The Letters of the First Duchess of Ormonde (Renaissance English Text Society #40) (Hardcover)
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This volume is the first to bring together the entire extant correspondence of one of the most significant women in early modern Ireland, Elizabeth Butler, first Duchess of Ormonde. She was the wife of James Butler, twelfth Earl and first Duke of Ormonde, who, as Ireland’s only duke and three times its lord lieutenant, was a figure of considerable importance in seventeenth-century Ireland. But far from being overshadowed by her powerful husband, Butler was a person of significant power and influence in her own right. Descended from the tenth Earl of Ormonde, she brought a hefty portion of the Ormonde estate to the marriage. As Countess, Marchioness, then Duchess of Ormonde, as well as three times vicereine and a high-status courtier, she sat at the pinnacle of Irish and English society, unmatched by any other Irish woman of the period in terms of her wealth, social standing, and power. Her surviving correspondence reveals her importance within the Ormonde-Butler family and in the social, cultural, and political life of seventeenth-century Ireland.
The volume comprises more than three hundred letters written by Ormonde to her husband and family, agents and servants, and friends and clients. Spanning six decades, these letters are meticulously transcribed, edited, and annotated, and the volume includes a substantial scholarly introduction, family trees, a glossary, and other resources.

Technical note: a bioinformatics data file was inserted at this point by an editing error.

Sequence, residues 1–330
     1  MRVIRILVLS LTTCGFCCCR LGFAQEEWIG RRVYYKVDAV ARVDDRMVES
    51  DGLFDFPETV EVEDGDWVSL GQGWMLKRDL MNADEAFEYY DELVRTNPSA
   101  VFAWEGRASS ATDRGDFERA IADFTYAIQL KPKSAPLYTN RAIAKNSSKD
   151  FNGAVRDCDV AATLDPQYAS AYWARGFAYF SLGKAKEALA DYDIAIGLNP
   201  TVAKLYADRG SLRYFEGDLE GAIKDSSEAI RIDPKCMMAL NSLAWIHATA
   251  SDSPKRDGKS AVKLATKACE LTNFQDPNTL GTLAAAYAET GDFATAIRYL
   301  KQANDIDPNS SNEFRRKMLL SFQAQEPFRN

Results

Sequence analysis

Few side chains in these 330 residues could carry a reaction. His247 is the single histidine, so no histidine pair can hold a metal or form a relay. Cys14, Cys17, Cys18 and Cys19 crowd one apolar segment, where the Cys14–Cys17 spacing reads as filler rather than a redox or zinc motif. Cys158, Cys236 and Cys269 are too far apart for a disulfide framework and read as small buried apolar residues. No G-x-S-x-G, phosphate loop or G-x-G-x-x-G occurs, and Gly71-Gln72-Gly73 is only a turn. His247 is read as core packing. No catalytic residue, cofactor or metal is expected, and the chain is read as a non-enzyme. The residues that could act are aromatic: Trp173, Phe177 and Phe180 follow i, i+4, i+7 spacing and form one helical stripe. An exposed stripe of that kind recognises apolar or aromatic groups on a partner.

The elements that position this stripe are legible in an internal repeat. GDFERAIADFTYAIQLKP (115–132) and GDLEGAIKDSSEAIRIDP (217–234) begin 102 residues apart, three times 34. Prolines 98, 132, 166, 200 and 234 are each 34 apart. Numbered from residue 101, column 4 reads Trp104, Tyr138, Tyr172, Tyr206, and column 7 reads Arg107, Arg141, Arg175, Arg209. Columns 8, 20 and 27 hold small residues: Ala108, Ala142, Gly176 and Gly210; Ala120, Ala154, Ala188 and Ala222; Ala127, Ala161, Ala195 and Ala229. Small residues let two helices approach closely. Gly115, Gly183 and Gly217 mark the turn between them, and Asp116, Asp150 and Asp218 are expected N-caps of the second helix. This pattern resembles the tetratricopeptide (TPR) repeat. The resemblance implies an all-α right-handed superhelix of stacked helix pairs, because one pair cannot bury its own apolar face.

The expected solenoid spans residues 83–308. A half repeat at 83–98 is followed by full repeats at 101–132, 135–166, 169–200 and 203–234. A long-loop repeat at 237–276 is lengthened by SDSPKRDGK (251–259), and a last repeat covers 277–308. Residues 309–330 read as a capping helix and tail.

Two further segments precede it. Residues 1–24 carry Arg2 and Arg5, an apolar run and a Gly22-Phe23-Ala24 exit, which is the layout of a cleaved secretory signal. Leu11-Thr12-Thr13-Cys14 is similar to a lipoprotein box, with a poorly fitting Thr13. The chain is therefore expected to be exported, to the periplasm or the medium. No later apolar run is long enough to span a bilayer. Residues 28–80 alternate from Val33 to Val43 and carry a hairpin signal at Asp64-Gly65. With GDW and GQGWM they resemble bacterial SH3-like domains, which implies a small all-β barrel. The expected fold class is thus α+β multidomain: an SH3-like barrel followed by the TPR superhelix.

About the Author
Elizabeth Butler, née Preston(1615–1684), was the wife of James Butler, Duke of Ormonde, Lord Lieutenant of Ireland.
Naomi McAreavey is a lecturer of Renaissance literature at University College Dublin. She is coeditor, with Julie Eckerle, of Women’s Life Writing and Early Modern Ireland, and, with Fionnuala Dillane and Emilie Pine, of The Body in Pain in Irish Literature and Culture.
“This is a landmark publication, enabling readers to delve deep into a rare treasure trove of letters by a leading aristocratic woman of seventeenth-century Ireland and England, spanning fifty-five years from adolescence to old age. . . . This edition will be a much-thumbed resource for those seeking information about the wider family and three kingdoms history, as well as those with a particular interest in early modern women’s letters. It is a welcome and important contribution to scholarship on letter writing, women’s writing, and seventeenth-century Irish history, and is sure to advance the field.”
— Marie-Louise Coolahan, Professor, NUI Galway